2. Rice production, expenses, and income
2A. Has your production level increased compared with previous year?
-Increased a lot, 1.3%
-Decreased a lot, 2.2%
BP: Depending on how you define it as a blessing or a curse, this shows part of the problem for the government. Quite rationally as farmers are getting more money, they are producing more rice, but greater production means greater cost and also more rice for the government to sell. It becomes a problem that just increases. This is not a problem inherent just to rice pledging, but any scheme where a subsidy is provided. The result will be greater production – assuming things on the world market remain the same – and lower prices requiring a greater subsidy. Hence, there is some importance in making sure that any subsidy scheme is limited in only subsidising an xx amount of rice per household. Will get into more detail later, but this also ensures that a greater proportion of the subsidy goes to those on lower incomes (assuming that those on lower incomes grow less rice).
2B. How many harvests a year?
BP: Relevance to the above is, if only one harvest which would normally be during October-February/main harvest then there is no need to try to provide compensation during the off-season, but as you see we are talking almost half who have more than one harvest. It is not a small minority.
2C. Are you in an irrigated area?
BP: BP is unsure on the feasibility and costs of further irrigating vs the reduced costs for farmers of further irrigation so won’t comment too much, but it does seem a worthwhile long-term plan.
2D. What percentage of your rice is planted in what harvest/season?
-Main harvest, 64.3%
-Out-of-season harvest, 35.7%
BP: Connected with 2B. Main harvest is still key.
2E Have you had a drought problem before?
2EA. Main harvest
2EB. Out-of-season harvest
BP: For both, this is when have you had a drought problem which could refer to just once 20 years ago so not that conclusive.
2F. Farming average over recent years
BP: See commentary below
2G. Farming this year
BP: The % is which household produced what quantity and it is not the amount pledged; just grown. BP will point out now that for the main harvest the rice pledging price is 15,000 Baht a tonne and a maximum of 350,000 Baht per household, whereas for the out-of-season harvest, the price is 13,000 Baht a tonne and a maximum of 300,000 Baht per household. These limits for the main harvest are for the just past harvest (before this survey). In BP’s view these were a little too late, but still necessary. As rice pledging was not helping to raise the world price, there was no point to subsidise farmers beyond a certain pledging volume point. See also 2H and other comments below.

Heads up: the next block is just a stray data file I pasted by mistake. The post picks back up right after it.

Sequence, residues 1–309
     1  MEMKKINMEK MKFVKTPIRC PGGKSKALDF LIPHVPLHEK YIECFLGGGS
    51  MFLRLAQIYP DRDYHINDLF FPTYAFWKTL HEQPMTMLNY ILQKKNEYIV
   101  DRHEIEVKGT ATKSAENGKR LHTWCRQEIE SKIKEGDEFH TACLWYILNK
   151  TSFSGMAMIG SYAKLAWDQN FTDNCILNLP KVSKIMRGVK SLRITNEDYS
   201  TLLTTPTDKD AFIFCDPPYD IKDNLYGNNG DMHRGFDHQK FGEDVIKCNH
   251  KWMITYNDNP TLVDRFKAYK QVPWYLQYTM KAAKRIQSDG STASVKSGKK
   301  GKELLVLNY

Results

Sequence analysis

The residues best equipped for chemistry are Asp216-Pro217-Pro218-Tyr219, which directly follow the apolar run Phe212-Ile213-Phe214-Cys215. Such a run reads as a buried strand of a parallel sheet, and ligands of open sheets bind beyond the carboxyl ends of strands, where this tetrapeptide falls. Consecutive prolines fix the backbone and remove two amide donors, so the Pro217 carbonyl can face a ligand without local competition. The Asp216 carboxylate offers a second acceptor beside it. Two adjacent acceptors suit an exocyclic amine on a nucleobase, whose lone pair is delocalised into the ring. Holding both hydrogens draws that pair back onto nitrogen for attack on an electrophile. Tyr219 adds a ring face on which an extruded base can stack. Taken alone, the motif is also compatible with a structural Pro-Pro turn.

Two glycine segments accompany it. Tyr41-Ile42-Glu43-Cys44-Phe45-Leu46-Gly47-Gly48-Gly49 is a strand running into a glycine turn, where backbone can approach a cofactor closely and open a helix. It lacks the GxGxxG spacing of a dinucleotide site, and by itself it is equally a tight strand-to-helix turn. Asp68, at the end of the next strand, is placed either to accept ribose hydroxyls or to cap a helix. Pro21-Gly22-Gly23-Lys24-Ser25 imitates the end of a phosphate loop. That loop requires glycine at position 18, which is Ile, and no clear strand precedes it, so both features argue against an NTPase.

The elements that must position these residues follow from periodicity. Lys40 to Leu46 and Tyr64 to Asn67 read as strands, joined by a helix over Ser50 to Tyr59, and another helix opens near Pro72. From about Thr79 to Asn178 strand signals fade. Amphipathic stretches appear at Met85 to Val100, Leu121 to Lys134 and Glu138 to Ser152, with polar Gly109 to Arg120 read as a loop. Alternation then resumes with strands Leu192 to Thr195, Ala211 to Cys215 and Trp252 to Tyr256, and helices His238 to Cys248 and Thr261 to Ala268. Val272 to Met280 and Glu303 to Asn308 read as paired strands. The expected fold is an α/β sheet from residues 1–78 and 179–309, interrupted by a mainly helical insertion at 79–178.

NOTE: By way of contrast under the Democrat’s income guarantee scheme, the “guaranteed quantity of rice per household of the income guarantee scheme of the year 2010/2011 in the second round was; 25 tons for Pathum Thani 1 paddy rice, 25 tons for unhusked rice and 25 tons for unhusked glutinous rice” in 2010, but this was later increased to 30 tonnes in 2011 after protests although farmers wanted 40 tonnes.
2H. How much money/income do you receive from pledging each harvest?
BP: The market price for rice has been around 8,000-10,000 Baht over the last few years so this money received is not all subsidy, it includes actual rice, but it is also noticeable that for the main harvest over 85% get less than 240,000. It shows as mentioned above, why limits should have been placed earlier on – and certainly after the first year – on the maximum amount received per household.
BP is not saying that these limits would significantly decrease the losses, it is more of an equality issue and why should farmers who earn higher-than-average household incomes continue to be subsidised beyond that level.
2I. How much extra money do you receive compared with before the pledging?
BP: Technically, this is not just the subsidy, but it can also include monies received because of the higher prices and the fact that farmers are harvesting more rice and so the profits they get from that. Nevertheless, the reality is that because of pledging, the average rice farming household gets an average of 115,000 Baht per year. Yes, there are some who earned a lot of money, but we are talking about 15% and even then they don’t skew the numbers up that much.
Yes, farmers are unhappy about not getting paid. They were also unhappy with the Democrats in 2011 although that got little coverage. TANN in 2011 on farmer protests:
Following yesterday’s National Rice Policy Board meeting which was presided over by Prime Minister Abhisit Vejjajiva, the government has decided to raise the reference price and rice quantity for the farmer income guarantee scheme for three types of rice, namely white rice which is now at 11,000 baht per ton, Pathum Thani rice which was readjusted to 11,500 baht per ton and sticky rice at 10,000 baht per ton.